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What makes a shooter tactical?


ZJJ
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Probably the difference between something like Call of Duty and [GR].

COD is a shooter but it is very scripted, linear, unrealistic, and requires a minimum amount of tactics to complete the mission. The typical "run and gun" shooter.

[GR] is less scripted and linear. To successfully complete the mission, a greater emphasis on planing and tactics is required.

Both are fun, but for different reasons.

To make it tactical:

1. One shot one kill (generally)

2. No jumping

3. Realistic ability (or rather disability) to shoot over great distances, a weakness [GR] had.

4. I'm partial to iron sights and weapon view.

5. Interaction and dependence on other units in the game (including vehicles, aircraft, other squads, etc...)

6. Maybe an inventory system/specialty spots like [GR] so that you can't just give everyone on your team M136's or machine guns.

7. Realistic AI abilities (weakness of [GR]).

Edited by Scubaman3D
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Wow, that was a good comment ^^^^. Please allow me to repeat and add a few more.

1. One hit, one kill.

2. No jumping

3. Random aiming like GRAW MP has, including NO auto aim and NO magnetic bullets

4. A stabilization time after movement and recoil, as in Ghost Recon

5. Effect to being wounded such as less accurate, move slower, screams that opponents can hear

6. Key game slow down features like NO instant grenade throws, etc.

7. All of the proper elements necessary to tactical communication...like north oriented map and compass. GRAW D-pad marker was EXCELLENT, but somewhat arcadey.

8. Objective based game types

9. truly expansive maps allowing endless possibilities for attack.

10. truly inter-dependent role types and weapon balance. Example: no one weapon in Ghost Recon is a "must have"

11. A focus on non-respawn games - this is a major factor that ramps every game into a frag fest match. This could be corrected by truly huge maps though.

12. Something to measure your performance against, even if indirectly. Like the GRAW co-op tournament I ran. It really developed into a true team effort that mattered to the participants.

13. Dis-incentive for boosting and glitching.

...and here are some real doozie comments:

Players have certain roles that they generally fill, communicator, run-and-gunner. Doesn't matter the game...if I get on a team where I try to communicate and strategize..and I am on a team of Ramo players....not a tactical game. Tactical games are as much about who you play with as what the game mechanics are.

Of course a lot of these are counter-producive to selling mass quantities of games. So not sure these factors would go anywhere.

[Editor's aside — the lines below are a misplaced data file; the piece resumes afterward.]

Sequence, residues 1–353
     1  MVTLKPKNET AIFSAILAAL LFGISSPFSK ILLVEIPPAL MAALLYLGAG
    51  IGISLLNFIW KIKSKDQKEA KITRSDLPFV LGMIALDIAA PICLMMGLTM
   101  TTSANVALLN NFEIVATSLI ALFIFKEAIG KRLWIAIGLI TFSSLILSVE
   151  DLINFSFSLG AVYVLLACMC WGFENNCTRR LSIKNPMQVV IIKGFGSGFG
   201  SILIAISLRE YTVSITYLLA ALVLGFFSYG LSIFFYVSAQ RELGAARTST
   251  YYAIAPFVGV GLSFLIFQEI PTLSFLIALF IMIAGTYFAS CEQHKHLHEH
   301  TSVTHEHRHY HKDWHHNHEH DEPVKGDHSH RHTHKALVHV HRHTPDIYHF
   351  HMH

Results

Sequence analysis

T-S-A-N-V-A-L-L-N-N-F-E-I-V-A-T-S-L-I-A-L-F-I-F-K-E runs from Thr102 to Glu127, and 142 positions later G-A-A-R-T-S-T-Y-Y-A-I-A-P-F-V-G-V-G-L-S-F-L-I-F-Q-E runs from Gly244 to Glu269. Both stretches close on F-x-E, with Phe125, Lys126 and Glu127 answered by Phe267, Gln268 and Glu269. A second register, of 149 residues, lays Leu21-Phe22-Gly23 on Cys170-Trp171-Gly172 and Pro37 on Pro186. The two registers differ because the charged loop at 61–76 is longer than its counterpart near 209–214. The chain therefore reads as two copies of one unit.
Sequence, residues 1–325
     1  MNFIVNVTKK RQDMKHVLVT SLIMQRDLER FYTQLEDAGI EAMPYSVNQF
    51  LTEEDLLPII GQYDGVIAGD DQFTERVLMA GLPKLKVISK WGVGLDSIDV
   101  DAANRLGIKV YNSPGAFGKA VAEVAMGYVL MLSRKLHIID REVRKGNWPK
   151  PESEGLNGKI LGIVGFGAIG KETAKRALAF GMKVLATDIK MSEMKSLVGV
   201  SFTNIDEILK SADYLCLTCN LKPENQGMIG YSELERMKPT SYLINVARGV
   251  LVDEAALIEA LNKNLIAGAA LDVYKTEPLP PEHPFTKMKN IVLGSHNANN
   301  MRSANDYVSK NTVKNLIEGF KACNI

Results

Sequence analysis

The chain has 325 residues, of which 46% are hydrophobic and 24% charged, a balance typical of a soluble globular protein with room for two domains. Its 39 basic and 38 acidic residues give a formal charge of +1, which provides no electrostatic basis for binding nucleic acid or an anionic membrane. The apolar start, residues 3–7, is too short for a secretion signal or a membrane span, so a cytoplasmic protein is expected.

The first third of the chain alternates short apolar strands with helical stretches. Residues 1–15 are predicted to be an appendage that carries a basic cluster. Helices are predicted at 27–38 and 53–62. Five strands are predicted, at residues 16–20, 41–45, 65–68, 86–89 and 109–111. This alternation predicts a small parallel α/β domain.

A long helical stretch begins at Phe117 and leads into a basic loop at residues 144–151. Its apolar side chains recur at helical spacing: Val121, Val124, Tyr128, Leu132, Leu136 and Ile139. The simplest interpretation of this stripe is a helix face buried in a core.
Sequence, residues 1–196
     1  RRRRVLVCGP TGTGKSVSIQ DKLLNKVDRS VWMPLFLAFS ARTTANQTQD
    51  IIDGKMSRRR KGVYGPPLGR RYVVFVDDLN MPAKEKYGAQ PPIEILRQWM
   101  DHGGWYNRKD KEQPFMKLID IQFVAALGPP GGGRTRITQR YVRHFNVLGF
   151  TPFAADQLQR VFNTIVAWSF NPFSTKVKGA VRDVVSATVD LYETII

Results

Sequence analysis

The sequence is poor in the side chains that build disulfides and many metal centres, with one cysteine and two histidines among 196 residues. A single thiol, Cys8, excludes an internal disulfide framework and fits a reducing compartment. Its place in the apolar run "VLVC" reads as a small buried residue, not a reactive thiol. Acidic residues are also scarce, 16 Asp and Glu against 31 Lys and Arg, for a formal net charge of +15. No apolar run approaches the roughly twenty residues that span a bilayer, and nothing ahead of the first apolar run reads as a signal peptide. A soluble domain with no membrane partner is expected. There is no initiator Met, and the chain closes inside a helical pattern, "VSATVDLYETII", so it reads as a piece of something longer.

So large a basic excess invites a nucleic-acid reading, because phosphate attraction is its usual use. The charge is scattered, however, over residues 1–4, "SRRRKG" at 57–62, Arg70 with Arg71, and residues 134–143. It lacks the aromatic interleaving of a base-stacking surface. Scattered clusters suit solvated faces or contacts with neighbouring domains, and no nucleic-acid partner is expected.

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Was talking to someone esle and had a followup thought.

This is another principle of Ghost Recon that makes it ever so tactical.

One thing this game does really well nowadays is replicate a hard to see enemy. Granted, in Multiplayer this is more important...but in the game this is also a tactical and "immersion factor" aspect.

It took me a while to develop an eye for enemies after so many games like Halo2, Rainbow 6, and a myriad of other cartoon-contrast console and PC games. Given some time a player develops an eye for seeing enemies. But even so....a hard to see camper vs. a moving target (that the human eye is trained to identify) adds a tactical element not present in MANY games.

It is definately one of the immersion factors of the game, but more importantly, causes one to slow down and be more thorough, and therefore tactical.

Edited by Ick
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IMHO, I believe "tactical" is where the player, (or players) have CONTROL of how the missions, objectives are accomplished. A totally open, dynamic style of play.

The players choose the weapons, the path to the objectives, the order of taking objectives, etc.

Also, the need for "stealth and quiet" on a mission.

Most Spec OPs like to work quietly and without a lot of attention .

Kingkat........ :thumbsup:

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I'm with Kingkat, a tactical shooter must have the ability to let you complete missions any way you want, not leading you up to a path where you have 2 options, I want the ability to go directly to my objective and go all around the map to come up on my objective from a completely different angle, I want to choose the loadouts and how many members I need in a team, I want to be able to intuitively split that team up into as many smaller teams as I see fit, thats not asking too much is it?

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Tactical does not actually mean realistic, but that's the combination I prefer, so that's what I'll assume here.

Tactical is where only the desired outcome(s) are pre-determined--the objective(s). The rest (the execution) is up to the players. So, what determines how tactical a game is would be the players themselves using the given abilites and tools to their best advantage. Any shooter can be played run & gun, but in a tactical game, the players using sound tactics should come out on top every time vs. the runners.